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Comparing Tennessee football to the Titanic isn’t fair. To the ship.

The Florida Gators’ next opponent is still stuck on Rocky Bottom thanks to bungled coaching searches.
Tennessee head coach Jeremy Pruitt yells to his players in the second half of an NCAA college football game against Brigham Young Saturday, Sept. 7, 2019, in Knoxville, Tenn. (AP Photo/Wade Payne)
Tennessee head coach Jeremy Pruitt yells to his players in the second half of an NCAA college football game against Brigham Young Saturday, Sept. 7, 2019, in Knoxville, Tenn. (AP Photo/Wade Payne) [ WADE PAYNE | AP ]
Published Sep. 19, 2019

Tennessee coach Jeremy Pruitt became a punchline last week when he likened his Volunteers to mice racing to the top of the Titanic.

While SEC fans outside of Knoxville smirked with schadenfreude, the comparison isn’t fair.

Hasn’t the poor boat suffered enough?

At least the Titanic sank because of one big blunder, which the captain couldn’t have scouted on film. The Vols have spent most of the last decade capsized; their 1-2 record entering Saturday’s game at No. 9 Florida is just the latest instance of a program fighting to stay afloat.

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“It’s been such a dumpster fire for so long,” CBS announcer Brad Nessler said.

It’s been a dumpster fire largely because Tennessee hasn’t hired the right men to put it out.

BYU's Jake Oldroyd (39) celebrates a 33-yard field goal with teammate Hayden Livingston in the second half of an NCAA college football game against Tennessee to send the game into overtime Saturday, Sept. 7, 2019, in Knoxville, Tenn. (AP Photo/Wade Payne)
BYU's Jake Oldroyd (39) celebrates a 33-yard field goal with teammate Hayden Livingston in the second half of an NCAA college football game against Tennessee to send the game into overtime Saturday, Sept. 7, 2019, in Knoxville, Tenn. (AP Photo/Wade Payne) [ WADE PAYNE | AP ]

Lane Kiffin went 7-6 in his only season and has failed to live up to his wunderkind hype at any of his other head coaching stops. But Kiffin, unlike Tennessee’s last three hires, was at least one of the school’s top choices.

“Every other choice was at least the fourth or fifth choice —maybe worse than that,” said WNML radio host Jimmy Hyams, who’s been covering the Vols since 1985.

Kiffin’s replacement, Derek Dooley, was down the list. He was coming off a 4-8 season at Louisiana Tech when Tennessee hired him in 2010; he never had a winning record in his three seasons in Knoxville.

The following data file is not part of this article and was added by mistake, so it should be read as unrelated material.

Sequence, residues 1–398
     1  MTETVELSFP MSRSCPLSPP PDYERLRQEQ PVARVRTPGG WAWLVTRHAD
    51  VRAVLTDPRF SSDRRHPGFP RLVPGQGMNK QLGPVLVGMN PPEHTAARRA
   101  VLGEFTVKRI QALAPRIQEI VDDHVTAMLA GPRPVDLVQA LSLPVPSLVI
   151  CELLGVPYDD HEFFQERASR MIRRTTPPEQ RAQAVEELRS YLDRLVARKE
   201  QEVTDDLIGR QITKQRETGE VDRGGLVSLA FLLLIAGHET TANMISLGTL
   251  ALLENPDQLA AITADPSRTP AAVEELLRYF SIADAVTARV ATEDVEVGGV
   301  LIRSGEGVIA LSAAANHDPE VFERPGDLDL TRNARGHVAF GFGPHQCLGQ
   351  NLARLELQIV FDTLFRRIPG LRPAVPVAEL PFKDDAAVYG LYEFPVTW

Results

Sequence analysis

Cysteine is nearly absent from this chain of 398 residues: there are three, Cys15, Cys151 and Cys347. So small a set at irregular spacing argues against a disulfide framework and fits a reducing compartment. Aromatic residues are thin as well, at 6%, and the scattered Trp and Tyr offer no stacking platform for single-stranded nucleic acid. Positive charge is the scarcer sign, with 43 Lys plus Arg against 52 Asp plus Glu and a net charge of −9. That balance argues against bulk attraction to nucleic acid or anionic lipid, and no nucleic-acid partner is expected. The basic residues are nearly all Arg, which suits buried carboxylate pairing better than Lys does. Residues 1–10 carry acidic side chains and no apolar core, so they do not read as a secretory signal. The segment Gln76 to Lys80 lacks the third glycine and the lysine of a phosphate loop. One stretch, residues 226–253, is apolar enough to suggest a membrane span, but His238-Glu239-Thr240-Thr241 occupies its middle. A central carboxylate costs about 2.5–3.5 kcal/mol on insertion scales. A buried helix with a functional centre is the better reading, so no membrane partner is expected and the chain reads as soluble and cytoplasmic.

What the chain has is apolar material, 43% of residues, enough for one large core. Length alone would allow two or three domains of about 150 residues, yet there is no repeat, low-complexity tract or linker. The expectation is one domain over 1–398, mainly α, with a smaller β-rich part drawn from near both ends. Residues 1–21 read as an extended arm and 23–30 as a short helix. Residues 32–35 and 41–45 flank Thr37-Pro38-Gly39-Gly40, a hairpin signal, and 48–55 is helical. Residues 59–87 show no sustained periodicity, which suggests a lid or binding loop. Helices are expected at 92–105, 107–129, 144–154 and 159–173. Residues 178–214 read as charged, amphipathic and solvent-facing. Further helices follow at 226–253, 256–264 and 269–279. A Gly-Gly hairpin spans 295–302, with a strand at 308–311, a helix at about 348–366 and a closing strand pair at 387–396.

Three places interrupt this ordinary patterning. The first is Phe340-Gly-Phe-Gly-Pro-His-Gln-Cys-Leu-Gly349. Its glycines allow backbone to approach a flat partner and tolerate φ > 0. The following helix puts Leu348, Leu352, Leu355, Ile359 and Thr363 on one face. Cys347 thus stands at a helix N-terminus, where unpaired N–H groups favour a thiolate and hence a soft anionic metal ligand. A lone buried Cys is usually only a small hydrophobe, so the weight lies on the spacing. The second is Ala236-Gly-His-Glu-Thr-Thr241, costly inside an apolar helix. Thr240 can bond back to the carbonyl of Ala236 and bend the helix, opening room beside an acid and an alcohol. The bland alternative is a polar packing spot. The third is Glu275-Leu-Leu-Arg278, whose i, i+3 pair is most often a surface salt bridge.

Hyams said Dooley’s replacement, Butch Jones, was a fallback after the Vols unsuccessfully chased former Bucs coach Jon Gruden.

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“They have tried to get expensive coaches,” Hyams said. “They just haven’t been able to get them.”

Including two years ago with the biggest debacle of them all.

Tennessee went after some respected names to replace Jones and his 34-27 record. Dan Mullen. Mike Gundy. Jeff Brohm. The Vols were set to hire former Bucs coach Greg Schiano before a social media firestorm caused that move to flame out and Tennessee to choose Pruitt, a first-time head coach.

RELATED: Backlash scuttles apparent Tennessee deal with Greg Schiano

Former Bucs coach Greg Schiano was part of Tennessee's latest bungled coaching search.
Former Bucs coach Greg Schiano was part of Tennessee's latest bungled coaching search.

“I don’t know how good of a job (Schiano) would have done,” Hyams said. “I don’t know how much different they would be.”

That’s because Tennessee has had more issues than just the head coach. It’s hard to fix a program when you fire your athletic director during a coaching search.

“You make wrong decisions at the top all the way from the athletic director down to the head coach, who you hire as assistant coaches…” CBS analyst Gary Danielson said.

Those wrong choices filter down to more wrong choices, about which players to recruit and how to develop them.

The Vols had at least one player drafted every year from 1964-2014 … but haven’t had one picked in three of the last five years. Tennessee’s last four recruiting classes have ranked 14th, 17th, 21st and 13th, yet the Vols aren’t even living up to those so-so rankings, as shown by their inexcusable Week 1 home loss to Georgia State.

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That leads Hyams and Danielson to an obvious but sobering conclusion.

“It’s not tactics,” Danielson said. “The reason they’re losing, for the most part, is they’re just not good enough.”

A proud program with a pair of national titles just isn’t good enough to beat Georgia State and BYU.

Now that’s a titanic failure.

Contact Matt Baker at mbaker@tampabay.com. Follow @MBakerTBTimes.